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Carolee Schneemann
at Henry Art Gallery, University of Washington, Seattle, Washington
Recommendation by Adriana Grant

In this career survey, feminist pioneer Carolee Schneemann's aggressive use of sexuality, media, and movement remain powerfully visceral.

Continuing through December 30, 2011

Carolee Schneemann is well known as a feminist artist and pioneer of performance art. Throughout her career she has used her own nude body as a central element in performances to reference physicality and to explore issues of sexuality, desire, gender, and unexpected movement. Schneemann’s works — whether paintings, photographs or film — are visceral and often use blood and a certain gestural sloppiness that relates to issues like death, illness, lust, and mortality. This exhibit includes works that span more than more than forty years, from 1959-2010.

Schneemann began as a painter, but is best known for her performance of “Interior Scroll,” in which she pulled a paper scroll from her vagina and while fully nude read its text to a live audience. The exhibit features both photos of the performance, as well as the (now laminated) scroll itself. Displayed in a zigzag accordion fold so that the text is not easy to read, we glimpse a few legible phrases: “personal clutter,” “attention to,” “gender”, “you are older,” “told me he had lived.” Delivered in strategic snippets, the emotional content of both word and image resonates with a nearby collage that seems to be about painful romantic relationships.

Two pieces are bookends to another sort of pain. In one the artist mourns her cat, Vespers, who died of leukemia. A funerary case contains photos of the cat’s bleeding ears, and the pale nightgown the artist wore, stained with Vesper’s blood. An earlier wall of photographs titled “Infinity Kisses II” (1981-1988) shows smeary and intimate images of the cat kissing the artist’s mouth over and over again. The feline’s paws are on either side of the artist’s neck, her toes are splayed, and her neck reaches out. One can see the intensity of feeling between cat and human: the artist puckers up and the cat puts its mouth to Schneemann’s. This series documents a strong emotional connection - recorded in clear human gestures - between cat and woman.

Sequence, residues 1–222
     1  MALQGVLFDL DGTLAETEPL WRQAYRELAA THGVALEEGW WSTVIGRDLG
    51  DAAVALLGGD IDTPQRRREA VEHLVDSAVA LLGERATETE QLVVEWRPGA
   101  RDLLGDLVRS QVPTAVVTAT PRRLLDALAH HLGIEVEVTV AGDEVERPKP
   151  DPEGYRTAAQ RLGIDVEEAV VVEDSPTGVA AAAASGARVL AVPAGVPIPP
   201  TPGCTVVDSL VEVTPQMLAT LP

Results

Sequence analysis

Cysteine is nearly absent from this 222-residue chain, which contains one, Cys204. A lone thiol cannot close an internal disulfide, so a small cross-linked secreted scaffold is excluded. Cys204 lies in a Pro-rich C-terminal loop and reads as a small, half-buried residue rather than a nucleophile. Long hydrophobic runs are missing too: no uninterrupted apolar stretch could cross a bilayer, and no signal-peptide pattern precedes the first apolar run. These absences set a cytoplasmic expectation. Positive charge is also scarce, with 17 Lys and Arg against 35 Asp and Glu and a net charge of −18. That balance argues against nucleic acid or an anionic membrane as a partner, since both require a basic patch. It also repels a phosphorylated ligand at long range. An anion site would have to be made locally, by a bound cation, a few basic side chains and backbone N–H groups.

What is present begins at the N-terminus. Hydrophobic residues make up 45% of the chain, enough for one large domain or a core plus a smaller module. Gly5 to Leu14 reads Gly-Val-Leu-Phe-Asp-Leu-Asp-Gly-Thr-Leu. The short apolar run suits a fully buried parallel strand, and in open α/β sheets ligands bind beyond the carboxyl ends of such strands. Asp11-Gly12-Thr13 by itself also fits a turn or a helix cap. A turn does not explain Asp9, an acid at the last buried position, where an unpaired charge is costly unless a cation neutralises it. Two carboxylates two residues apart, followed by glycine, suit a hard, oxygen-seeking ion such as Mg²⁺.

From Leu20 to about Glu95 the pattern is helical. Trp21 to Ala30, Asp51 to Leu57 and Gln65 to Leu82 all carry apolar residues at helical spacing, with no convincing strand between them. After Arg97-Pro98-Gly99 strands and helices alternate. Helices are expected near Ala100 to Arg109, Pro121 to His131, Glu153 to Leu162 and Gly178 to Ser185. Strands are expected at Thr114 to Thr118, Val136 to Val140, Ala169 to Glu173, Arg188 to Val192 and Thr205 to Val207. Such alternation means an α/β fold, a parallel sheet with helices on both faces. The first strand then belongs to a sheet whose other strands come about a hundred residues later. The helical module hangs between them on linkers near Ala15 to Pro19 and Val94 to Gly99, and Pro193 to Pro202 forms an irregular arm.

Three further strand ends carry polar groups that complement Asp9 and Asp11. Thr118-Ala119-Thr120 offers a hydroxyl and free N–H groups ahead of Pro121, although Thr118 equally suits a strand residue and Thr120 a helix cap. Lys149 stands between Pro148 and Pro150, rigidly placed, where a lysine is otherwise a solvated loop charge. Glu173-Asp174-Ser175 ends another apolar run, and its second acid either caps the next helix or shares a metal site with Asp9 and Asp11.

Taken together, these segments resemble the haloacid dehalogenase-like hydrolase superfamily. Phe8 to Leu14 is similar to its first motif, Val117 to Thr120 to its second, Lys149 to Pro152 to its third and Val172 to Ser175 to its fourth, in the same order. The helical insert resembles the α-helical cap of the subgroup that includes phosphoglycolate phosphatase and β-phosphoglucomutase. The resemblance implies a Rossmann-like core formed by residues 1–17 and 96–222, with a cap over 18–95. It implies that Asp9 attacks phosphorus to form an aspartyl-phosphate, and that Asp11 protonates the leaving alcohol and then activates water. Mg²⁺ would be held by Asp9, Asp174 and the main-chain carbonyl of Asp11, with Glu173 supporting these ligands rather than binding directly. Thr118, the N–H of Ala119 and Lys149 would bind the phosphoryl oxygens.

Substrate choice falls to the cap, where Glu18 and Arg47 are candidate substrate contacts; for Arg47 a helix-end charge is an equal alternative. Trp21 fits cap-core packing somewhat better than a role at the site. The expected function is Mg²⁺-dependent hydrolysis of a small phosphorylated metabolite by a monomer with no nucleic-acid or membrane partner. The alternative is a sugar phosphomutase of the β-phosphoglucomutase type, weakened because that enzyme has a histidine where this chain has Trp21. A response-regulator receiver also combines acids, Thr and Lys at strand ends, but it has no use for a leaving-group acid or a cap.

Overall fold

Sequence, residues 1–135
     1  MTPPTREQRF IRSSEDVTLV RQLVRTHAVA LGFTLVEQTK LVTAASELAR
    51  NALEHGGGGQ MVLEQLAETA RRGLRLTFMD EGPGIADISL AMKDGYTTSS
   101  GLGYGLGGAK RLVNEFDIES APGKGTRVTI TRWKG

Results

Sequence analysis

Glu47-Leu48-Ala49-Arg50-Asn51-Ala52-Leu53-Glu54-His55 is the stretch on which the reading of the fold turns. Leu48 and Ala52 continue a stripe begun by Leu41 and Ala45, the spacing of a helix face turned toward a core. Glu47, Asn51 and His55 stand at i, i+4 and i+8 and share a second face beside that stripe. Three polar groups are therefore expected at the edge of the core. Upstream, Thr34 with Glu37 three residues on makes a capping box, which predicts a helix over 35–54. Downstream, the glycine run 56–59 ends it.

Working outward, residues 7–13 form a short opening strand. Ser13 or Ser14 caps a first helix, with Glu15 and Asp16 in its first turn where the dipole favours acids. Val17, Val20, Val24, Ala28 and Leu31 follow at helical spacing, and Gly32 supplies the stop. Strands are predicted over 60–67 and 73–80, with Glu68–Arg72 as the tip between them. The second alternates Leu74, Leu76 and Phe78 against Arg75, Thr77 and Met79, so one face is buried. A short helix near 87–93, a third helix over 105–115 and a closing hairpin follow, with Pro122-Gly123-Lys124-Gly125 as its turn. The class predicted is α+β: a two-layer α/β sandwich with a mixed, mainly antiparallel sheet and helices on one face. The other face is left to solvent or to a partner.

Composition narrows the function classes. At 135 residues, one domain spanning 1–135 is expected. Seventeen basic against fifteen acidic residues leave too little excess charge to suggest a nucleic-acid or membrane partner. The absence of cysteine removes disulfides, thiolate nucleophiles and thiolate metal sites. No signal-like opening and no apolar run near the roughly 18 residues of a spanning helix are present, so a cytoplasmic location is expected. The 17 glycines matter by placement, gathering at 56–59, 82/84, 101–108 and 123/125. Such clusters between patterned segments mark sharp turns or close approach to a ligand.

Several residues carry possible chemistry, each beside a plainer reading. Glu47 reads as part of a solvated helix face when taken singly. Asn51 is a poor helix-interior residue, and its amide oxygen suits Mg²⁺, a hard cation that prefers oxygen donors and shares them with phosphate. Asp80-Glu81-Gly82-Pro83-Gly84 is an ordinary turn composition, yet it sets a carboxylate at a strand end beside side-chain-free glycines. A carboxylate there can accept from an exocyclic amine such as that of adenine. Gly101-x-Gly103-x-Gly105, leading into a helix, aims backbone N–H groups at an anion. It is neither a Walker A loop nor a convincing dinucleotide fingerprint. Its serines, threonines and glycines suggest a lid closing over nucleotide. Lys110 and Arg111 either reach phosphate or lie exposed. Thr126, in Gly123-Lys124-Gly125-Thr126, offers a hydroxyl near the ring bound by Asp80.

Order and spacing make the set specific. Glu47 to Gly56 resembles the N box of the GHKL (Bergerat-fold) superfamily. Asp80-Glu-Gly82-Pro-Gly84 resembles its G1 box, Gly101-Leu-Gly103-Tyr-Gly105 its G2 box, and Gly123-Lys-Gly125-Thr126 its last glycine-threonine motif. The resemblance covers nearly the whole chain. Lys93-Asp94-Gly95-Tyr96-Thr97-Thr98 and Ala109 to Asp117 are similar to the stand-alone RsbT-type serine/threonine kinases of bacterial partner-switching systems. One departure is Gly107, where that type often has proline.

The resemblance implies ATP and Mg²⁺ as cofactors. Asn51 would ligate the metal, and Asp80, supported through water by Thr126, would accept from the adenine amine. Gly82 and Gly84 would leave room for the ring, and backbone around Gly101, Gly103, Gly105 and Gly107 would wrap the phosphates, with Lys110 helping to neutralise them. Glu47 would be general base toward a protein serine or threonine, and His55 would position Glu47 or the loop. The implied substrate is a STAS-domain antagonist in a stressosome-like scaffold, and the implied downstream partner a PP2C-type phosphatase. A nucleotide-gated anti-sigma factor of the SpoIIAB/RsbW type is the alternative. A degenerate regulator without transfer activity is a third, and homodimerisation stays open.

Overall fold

Schneeman’s early oil paintings feel heavily influenced by Abstract Expressionism, with swirling lines, intense pinks, and mint greens reminiscent of de Kooning. One striking 1958 piece, “Portrait of Jane Brakhage” is a pastel rendering of a nude woman’s curves. The angles of her arms, hips, and breasts are repeated in many, many later photographs of the artist herself, as well as in the most iconic piece in the show, “Meat Joy.”

Dating from 1964, “Meat Joy” is a performance piece featuring a small group of men and women in bikinis. Beginning with careful choreography shot from above, the men move the women’s bodies around in patterns that look like floor-based synchronized swimming. As the video unspools, the movement becomes sloppier and more playful, and instead of touching just feet and hands, the men and women begin to interact more loosely, in full-body embraces. There is a clear erotic charge here as well, which turns joyful when raw meat is added as a messy, paint-like prop. The dancers are soon smeared with blood and in turn smear each other’s bodies as well. The video grows abstract, and more beautiful, when the movement is stopped in still frame and the lighting goes pink, turning the graceful angles of nearly nude bodies into painterly figures.

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